You didn't wake up this morning thinking that a tick under a scanning electron microscope was going to be the coolest thing you saw all day, and yet here you are. After discovering some ticks alive inside a vacuum drying chamber, Yasuhito Ishigaki of Kanazawa Medical University decided to see if the hardy little bloodsuckers could stand up to the electron bombardment and vacuum conditions inside a scanning electron microscope (SEM). They could, and he's got the video to prove it.
Lives often hang on Palenik's precise identification of a fiber or fleck of metal. In his workday, there's no room for error.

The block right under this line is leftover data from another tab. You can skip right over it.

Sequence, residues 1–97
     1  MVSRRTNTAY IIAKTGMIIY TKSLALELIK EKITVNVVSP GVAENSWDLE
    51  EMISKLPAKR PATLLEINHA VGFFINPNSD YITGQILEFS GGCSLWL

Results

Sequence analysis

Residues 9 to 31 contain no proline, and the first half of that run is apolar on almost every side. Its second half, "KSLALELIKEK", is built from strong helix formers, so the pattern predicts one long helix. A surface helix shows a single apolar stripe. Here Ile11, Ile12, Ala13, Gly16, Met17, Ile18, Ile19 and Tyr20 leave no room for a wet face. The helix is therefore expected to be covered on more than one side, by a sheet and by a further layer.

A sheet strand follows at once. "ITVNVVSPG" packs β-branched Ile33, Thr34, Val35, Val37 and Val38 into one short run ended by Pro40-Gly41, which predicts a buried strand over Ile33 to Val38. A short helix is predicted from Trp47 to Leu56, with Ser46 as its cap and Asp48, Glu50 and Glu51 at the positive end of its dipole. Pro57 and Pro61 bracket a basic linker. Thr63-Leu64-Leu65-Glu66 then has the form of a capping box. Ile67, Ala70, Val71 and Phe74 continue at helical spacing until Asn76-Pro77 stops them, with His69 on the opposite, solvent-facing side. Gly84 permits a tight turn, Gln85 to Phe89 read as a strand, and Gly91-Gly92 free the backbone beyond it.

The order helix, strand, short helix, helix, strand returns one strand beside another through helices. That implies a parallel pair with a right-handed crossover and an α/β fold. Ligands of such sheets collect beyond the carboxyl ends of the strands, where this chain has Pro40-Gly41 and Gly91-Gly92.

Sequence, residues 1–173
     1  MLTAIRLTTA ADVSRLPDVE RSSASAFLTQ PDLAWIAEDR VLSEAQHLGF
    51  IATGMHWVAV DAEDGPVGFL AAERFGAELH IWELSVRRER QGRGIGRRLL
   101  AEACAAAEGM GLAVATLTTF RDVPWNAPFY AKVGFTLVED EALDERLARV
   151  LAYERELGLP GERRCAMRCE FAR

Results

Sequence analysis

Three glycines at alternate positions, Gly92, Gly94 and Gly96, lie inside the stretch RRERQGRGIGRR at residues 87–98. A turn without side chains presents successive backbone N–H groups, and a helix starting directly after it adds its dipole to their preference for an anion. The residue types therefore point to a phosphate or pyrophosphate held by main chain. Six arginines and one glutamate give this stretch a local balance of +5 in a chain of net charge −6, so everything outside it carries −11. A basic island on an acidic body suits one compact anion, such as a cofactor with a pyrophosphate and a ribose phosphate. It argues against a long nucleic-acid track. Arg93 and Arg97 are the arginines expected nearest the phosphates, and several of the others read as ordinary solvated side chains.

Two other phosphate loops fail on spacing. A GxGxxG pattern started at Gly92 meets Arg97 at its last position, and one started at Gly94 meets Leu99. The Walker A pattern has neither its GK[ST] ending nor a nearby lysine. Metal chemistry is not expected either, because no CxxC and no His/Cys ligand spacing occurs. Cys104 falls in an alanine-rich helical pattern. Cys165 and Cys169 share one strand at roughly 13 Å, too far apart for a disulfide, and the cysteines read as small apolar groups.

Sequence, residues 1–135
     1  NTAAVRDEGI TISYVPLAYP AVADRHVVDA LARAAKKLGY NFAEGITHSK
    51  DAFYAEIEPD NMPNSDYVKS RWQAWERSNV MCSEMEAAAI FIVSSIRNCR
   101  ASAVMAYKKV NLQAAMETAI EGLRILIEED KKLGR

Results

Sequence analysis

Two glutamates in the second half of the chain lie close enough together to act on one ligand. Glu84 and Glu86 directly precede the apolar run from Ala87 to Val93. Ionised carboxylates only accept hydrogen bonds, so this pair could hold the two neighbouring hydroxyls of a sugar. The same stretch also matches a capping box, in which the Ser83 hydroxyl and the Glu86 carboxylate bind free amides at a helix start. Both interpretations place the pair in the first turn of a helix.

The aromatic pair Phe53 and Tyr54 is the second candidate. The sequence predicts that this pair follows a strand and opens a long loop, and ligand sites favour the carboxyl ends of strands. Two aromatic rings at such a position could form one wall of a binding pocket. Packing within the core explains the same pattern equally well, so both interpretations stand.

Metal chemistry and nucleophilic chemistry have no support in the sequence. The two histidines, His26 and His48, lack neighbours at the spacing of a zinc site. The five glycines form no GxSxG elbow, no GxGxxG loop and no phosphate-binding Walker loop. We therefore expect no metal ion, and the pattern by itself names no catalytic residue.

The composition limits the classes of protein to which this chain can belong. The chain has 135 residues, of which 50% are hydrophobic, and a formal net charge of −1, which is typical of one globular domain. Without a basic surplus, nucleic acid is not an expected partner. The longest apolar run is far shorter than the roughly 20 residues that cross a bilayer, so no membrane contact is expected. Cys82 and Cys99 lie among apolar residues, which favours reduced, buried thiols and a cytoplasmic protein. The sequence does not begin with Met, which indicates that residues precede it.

By Gordon GricePosted 09.27.2002 at 7:13 pm 0 Comments
THE CASE OF THE WELDER'S DUST
The Evidence: In 1991, an 11-year-old girl was raped and murdered near Glennallen, Alaska. On her freshly laundered clothes investigators found flakes of glossy paint, tiny metal spheres and flakes, and red and blue polypropylene fibers. Charles Smithart, a local resident, had been spotted near the murder site, and the unusual interest he took in the case aroused suspicions, but investigators lacked evidence that directly linked him to the crime.